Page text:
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Negative X scaling = nearly half the fps

Discussion in 'Editor & General Support' started by n0mad, Nov 25, 2009.

  1. n0mad

    n0mad

    Joined:
    Jan 27, 2009
    Messages:
    3,732
    Hello,

    I have to make a feature where a full skinned Mesh can be mirrored in X axis.
    But I'm witnessing a severe perf loss when I use this localScale(-1, 1, 1), jumping from 17 ms average frametime to 24 ms ...
    The skinned mesh has 2 box colliders / rigid bodies attached to it.

    I just set that X axis inversion once, do nothing else, and then bam the Fps goes down as long as it is -1. When I switch scale back to 1, everything returns to nice Fps.

    Profiler says that the CPU is the cause of slowing down the overall.

    Is there a way not to have perf loss ?

    Thank you
     
  2. antenna tree

    antenna tree

    Moderator

    Joined:
    Oct 30, 2005
    Messages:
    5,325
    Create the mirrorred character in your 3d app and freeze the transformations.
     
  3. n0mad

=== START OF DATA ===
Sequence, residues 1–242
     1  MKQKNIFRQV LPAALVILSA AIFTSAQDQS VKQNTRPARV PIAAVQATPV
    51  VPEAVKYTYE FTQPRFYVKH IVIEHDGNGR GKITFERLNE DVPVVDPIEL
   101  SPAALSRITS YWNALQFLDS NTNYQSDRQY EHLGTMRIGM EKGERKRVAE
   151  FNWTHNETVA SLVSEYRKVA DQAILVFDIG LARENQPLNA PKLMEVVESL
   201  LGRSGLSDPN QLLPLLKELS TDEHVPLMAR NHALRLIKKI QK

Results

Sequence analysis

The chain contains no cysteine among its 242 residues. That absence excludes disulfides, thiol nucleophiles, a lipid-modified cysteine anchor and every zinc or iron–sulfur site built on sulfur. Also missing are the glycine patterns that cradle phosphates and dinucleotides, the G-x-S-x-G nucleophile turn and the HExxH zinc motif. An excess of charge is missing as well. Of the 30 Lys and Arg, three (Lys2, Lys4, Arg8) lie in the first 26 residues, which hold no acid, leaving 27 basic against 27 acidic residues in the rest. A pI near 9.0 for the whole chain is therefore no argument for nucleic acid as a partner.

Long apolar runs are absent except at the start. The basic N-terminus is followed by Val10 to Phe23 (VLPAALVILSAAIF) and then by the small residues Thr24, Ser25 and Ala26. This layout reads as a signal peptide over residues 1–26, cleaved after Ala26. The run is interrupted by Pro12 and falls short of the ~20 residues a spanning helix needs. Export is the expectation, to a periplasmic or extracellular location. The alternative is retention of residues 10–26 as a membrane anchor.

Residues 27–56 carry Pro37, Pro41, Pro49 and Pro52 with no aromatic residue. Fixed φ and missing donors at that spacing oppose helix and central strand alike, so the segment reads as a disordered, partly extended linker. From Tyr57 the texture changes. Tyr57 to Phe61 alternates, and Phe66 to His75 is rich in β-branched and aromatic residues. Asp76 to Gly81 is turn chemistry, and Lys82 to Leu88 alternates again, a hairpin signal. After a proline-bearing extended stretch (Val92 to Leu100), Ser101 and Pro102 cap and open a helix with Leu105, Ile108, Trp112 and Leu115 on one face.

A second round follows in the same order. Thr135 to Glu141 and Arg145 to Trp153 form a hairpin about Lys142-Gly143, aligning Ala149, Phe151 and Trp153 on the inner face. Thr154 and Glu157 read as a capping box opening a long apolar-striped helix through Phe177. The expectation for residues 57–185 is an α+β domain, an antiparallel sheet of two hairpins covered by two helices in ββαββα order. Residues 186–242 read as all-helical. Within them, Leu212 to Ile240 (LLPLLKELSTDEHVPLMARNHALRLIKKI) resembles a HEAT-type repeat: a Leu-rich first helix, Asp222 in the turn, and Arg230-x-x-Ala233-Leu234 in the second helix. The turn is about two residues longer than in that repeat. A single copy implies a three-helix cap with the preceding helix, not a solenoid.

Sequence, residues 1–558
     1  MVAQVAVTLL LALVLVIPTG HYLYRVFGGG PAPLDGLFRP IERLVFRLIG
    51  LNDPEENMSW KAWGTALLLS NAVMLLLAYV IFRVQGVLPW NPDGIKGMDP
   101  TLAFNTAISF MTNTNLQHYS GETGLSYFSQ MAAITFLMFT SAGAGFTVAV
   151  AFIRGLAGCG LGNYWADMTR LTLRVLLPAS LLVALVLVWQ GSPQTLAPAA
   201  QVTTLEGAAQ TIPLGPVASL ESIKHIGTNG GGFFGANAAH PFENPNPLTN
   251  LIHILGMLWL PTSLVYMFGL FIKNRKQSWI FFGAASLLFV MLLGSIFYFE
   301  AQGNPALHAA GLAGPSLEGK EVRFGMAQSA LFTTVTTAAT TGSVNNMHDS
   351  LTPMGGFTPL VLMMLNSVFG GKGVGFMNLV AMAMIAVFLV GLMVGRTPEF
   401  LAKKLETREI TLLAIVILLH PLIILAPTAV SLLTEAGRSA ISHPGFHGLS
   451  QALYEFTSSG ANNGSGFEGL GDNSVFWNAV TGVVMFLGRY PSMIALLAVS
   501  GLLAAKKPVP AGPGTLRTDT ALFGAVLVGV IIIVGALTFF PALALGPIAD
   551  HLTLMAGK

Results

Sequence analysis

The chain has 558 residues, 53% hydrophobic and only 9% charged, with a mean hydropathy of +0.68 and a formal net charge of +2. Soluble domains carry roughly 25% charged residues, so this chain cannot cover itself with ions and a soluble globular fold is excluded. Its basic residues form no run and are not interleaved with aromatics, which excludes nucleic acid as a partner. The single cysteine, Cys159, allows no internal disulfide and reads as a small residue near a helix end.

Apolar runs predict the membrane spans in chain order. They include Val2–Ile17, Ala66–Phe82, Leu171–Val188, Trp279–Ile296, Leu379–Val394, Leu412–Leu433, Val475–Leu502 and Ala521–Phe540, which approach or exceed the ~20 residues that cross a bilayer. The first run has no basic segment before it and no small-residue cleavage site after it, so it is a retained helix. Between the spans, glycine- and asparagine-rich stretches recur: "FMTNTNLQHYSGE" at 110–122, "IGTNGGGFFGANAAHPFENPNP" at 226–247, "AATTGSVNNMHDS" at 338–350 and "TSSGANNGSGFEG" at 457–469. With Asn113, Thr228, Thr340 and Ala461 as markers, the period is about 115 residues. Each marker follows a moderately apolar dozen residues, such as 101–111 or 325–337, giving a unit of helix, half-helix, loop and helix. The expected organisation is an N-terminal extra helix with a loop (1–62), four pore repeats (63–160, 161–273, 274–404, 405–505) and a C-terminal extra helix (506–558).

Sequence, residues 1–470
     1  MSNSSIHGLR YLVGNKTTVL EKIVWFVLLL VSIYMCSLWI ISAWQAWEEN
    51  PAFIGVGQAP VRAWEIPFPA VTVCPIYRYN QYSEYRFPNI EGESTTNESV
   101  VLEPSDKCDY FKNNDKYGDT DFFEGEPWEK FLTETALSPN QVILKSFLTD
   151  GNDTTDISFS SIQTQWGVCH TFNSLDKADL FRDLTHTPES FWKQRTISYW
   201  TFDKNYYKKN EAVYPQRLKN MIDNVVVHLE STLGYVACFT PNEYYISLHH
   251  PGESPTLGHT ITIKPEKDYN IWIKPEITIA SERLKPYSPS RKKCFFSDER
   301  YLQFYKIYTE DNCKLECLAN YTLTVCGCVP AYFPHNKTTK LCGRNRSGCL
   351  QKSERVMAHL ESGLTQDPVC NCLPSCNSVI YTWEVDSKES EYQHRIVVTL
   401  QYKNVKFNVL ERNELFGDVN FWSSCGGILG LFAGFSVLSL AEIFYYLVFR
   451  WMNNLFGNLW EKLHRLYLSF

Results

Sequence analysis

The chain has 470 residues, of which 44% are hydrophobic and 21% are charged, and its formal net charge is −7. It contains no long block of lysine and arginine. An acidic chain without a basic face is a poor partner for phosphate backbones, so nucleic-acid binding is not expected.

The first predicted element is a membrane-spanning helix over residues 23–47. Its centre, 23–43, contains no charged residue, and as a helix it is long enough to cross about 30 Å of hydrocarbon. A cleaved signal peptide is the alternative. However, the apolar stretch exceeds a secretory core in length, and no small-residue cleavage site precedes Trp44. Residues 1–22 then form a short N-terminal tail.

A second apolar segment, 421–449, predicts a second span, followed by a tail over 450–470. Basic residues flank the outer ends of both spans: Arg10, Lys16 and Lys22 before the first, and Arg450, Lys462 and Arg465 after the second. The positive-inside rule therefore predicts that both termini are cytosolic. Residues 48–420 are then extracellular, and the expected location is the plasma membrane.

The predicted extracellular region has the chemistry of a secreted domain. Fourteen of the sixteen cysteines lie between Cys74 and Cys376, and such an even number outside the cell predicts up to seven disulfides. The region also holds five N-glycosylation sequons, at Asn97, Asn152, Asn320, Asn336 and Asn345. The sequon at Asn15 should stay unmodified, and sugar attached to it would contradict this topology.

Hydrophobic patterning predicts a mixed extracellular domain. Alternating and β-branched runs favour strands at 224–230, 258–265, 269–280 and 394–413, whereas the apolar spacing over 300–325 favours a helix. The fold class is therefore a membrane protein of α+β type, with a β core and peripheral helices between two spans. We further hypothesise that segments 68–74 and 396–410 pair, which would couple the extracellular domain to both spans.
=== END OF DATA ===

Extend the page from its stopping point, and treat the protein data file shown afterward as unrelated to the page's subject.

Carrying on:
n0mad

    Joined:
    Jan 27, 2009
    Messages:
    3,732
    Thanks, so this means that perf loss is how things work, and that there is no way not to avoid them ?

    Jeez ... my FBX size will be huge :(
     
  4. n0mad

    n0mad

    Joined:
    Jan 27, 2009
    Messages:
    3,732
    Hello again, one thing I can't understand : why is this negative scaling much more CPU consuming than other transforms ?
     
  5. Graham Dunnett

    Graham Dunnett

    Unity Technologies

    Joined:
    Jun 2, 2009
    Messages:
    4,134
    Guys,

    If you are comparing a negative scale to no scale at all (I guess I mean the identity scale) then it is possible that you are asking the CPU to do some work to perform the scale. If an object is not being scaled I imagine it is sent down some fast path submission.

    Your scale is non-uniform (only affects the x-component of each vertex) and non-uniform scales really mess with matrix operations. Translation and rotation both preserve the shape of an object. Uniform scales do too, but non-uniform scales stretch geometry. Imagine a scale of (2, 1, 1). This ability to mess with the shape of an object is what causes non-uniform scales to require some slower submission path. You might say that a scale of (-1,1,1) is not messing with the shape of your object, but in fact it is turning your object inside out.

    Glad you are finding the profiler helpful!

    Regards,
    Graham